Trump says US-South Korea war games ‘will be far bigger than ever before’ if he decides to restart the exercises

U.S. and South Korean marines participate in a U.S.-South Korea joint landing operation drill in Pohang March 31, 2014.

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U.S. and South Korean marines participate in a U.S.-South Korea joint landing operation drill in Pohang March 31, 2014.
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Kim Hong-Ji/REUTERS

  • President Donald Trump warned in a White House statement Wednesday that joint military exercises “will be far bigger than ever before” if he decides to restart drills.
  • He has yet to make that decision, asserting that the relationship with North Korean leader Kim Jong Un remains stable despite apparent setbacks, which he blamed on China.
  • Trump expressed optimism that all disputes can be resolved.

President Donald Trump canceled joint military exercises with South Korea as a concession to the North for the complete denuclearization of the Korean Peninsula during his summit with Kim Jong Un in June, but a White House statement released on Wednesday warned that, decide to restart the drills, the war games “will be far bigger than ever before.”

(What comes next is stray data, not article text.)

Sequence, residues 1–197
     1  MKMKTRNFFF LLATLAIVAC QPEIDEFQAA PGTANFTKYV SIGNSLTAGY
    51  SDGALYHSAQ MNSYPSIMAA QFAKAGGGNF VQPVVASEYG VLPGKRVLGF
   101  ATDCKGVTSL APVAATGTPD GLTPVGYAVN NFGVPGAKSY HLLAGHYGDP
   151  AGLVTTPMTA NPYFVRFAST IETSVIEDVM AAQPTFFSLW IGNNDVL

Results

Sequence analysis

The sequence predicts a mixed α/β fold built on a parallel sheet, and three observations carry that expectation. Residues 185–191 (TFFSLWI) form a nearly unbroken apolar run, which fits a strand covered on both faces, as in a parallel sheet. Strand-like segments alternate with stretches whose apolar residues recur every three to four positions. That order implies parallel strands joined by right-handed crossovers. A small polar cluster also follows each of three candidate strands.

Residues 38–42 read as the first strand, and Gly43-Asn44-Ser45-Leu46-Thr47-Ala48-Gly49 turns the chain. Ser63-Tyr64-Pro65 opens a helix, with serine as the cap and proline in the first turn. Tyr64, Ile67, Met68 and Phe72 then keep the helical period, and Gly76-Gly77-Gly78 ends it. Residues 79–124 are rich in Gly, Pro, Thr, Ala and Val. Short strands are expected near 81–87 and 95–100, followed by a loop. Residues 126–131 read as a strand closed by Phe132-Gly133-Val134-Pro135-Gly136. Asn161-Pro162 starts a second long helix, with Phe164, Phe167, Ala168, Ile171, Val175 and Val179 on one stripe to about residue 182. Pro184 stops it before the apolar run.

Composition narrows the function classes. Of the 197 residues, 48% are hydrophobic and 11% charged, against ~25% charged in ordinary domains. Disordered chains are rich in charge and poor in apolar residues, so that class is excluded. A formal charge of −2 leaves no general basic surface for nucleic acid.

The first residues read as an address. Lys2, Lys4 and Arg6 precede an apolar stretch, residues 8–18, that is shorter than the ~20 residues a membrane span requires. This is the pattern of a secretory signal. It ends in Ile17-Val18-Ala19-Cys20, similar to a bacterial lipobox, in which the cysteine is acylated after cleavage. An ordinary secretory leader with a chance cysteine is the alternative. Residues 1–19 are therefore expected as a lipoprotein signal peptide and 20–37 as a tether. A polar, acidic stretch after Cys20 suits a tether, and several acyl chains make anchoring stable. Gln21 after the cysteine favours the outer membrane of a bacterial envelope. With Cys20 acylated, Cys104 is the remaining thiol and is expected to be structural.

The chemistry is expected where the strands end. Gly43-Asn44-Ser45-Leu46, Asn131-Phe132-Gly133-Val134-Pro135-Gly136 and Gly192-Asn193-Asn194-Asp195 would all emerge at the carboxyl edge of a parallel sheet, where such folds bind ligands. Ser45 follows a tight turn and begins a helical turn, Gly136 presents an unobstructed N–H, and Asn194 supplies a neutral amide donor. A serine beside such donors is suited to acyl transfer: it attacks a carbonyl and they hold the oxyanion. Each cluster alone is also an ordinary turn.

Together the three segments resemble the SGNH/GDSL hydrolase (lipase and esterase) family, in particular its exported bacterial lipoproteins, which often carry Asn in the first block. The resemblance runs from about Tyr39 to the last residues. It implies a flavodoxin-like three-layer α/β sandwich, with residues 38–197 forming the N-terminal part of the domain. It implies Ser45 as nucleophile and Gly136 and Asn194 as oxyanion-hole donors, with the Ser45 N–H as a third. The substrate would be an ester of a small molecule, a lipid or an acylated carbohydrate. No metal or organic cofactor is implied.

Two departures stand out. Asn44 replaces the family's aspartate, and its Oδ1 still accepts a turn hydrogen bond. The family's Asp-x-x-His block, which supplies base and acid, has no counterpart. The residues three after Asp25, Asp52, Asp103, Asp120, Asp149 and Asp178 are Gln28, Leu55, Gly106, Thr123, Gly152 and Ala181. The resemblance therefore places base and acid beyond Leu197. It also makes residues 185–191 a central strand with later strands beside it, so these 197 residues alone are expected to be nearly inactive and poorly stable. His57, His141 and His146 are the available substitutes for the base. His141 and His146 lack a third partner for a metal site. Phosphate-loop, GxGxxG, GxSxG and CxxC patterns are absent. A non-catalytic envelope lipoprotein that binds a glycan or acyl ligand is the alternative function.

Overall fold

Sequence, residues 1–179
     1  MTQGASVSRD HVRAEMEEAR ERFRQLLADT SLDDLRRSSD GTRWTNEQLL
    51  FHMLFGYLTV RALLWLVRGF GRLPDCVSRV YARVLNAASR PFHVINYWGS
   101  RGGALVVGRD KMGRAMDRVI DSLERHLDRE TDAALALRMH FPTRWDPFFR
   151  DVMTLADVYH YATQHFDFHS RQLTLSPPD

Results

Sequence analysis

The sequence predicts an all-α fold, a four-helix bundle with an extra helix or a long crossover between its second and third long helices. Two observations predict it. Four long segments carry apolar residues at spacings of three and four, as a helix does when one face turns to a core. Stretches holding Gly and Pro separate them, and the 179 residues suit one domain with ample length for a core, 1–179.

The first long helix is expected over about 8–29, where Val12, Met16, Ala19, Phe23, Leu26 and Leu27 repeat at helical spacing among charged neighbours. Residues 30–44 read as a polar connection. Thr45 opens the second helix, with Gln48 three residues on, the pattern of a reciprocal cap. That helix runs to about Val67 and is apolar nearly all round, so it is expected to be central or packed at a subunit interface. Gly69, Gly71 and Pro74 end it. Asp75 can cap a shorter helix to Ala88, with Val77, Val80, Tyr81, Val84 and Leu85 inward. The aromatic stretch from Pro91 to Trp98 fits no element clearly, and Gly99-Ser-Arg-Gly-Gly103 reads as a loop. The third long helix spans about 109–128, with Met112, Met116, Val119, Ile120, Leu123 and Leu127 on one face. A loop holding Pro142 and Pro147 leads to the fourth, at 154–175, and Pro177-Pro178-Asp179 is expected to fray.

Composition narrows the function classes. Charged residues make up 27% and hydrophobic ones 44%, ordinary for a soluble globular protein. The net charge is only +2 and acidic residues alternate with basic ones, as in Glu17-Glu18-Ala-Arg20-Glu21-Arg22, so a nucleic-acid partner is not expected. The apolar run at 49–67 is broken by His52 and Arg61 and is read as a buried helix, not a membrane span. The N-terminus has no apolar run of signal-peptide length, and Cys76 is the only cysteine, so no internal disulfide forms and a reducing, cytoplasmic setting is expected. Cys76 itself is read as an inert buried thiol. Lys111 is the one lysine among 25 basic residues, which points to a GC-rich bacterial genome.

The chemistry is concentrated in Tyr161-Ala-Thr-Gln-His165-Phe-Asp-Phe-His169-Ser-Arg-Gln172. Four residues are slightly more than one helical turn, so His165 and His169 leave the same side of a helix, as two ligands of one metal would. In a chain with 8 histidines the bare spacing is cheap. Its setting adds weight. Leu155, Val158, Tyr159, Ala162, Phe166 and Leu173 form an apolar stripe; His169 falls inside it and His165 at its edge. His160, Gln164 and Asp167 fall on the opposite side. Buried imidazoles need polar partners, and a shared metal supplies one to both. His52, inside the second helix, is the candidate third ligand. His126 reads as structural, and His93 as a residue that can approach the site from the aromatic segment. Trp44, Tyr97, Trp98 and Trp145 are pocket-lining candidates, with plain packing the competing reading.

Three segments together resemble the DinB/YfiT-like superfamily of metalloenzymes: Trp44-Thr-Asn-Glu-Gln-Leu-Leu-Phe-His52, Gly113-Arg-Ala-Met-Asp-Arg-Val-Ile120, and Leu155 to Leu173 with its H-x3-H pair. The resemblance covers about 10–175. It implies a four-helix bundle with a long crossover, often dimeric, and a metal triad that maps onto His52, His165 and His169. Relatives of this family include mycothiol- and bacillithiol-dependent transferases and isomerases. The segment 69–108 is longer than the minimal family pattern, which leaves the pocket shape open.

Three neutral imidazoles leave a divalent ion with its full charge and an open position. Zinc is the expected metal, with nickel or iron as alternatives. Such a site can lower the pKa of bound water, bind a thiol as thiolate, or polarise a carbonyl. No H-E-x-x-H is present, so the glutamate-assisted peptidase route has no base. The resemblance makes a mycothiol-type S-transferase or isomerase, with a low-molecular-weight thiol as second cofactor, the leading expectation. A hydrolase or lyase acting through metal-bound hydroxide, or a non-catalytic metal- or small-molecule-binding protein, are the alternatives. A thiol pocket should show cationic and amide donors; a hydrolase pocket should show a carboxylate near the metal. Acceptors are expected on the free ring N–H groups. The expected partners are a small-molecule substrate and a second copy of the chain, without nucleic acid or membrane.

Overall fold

Negotiations between the US and North Korea have hit a snag. Last Friday, the president canceled what would have been Secretary of State Mike Pompeo’s fourth trip to Pyongyang after receiving a reportedly “belligerent” letter that warned that talks are “again at stake and may fall apart.”

In the White House statement, Trump put the blame for the breakdown in bilateral negotiations on China, which the president accused of providing the North with assistance that Trump characterized as “not helpful!” He suggested that China is pressuring North Korea to act out due to Beijing’s dissatisfaction with the ongoing trade spat with Washington.

A report from Vox on Wednesday, however, suggested that North Korea may be expressing frustration with the Trump administration’s failure to make a good on a reported promise Trump made to Kim in Singapore, a promise to sign a declaration ending the Korean War.

The president explained that, despite setbacks, he considers his relationship with North Korea to be a “warm one,” adding that he sees no reason to spend “large amounts of money on joint U.S.-South Korea war games.”

He is apparently optimistic that his administration will be able to resolve disputes with both China and North Korea in an acceptable manner.

Secretary of Defense Jim Mattis explained Tuesday at the Pentagon that the US suspended several large joint exercises this year to provide space for American diplomats to negotiate with their North Korean counterparts to address key issues.

He left the door open for the possibility that joint drills with South Korea could resume should conditions require such an action.